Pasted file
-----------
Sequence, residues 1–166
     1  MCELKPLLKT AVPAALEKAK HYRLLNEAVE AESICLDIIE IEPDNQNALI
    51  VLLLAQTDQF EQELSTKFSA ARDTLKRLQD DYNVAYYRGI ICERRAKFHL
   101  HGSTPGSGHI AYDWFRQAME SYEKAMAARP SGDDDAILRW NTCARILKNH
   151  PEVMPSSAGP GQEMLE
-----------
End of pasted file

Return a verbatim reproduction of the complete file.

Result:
Sequence, residues 1–166
     1  MCELKPLLKT AVPAALEKAK HYRLLNEAVE AESICLDIIE IEPDNQNALI
    51  VLLLAQTDQF EQELSTKFSA ARDTLKRLQD DYNVAYYRGI ICERRAKFHL
   101  HGSTPGSGHI AYDWFRQAME SYEKAMAARP SGDDDAILRW NTCARILKNH
   151  PEVMPSSAGP GQEMLE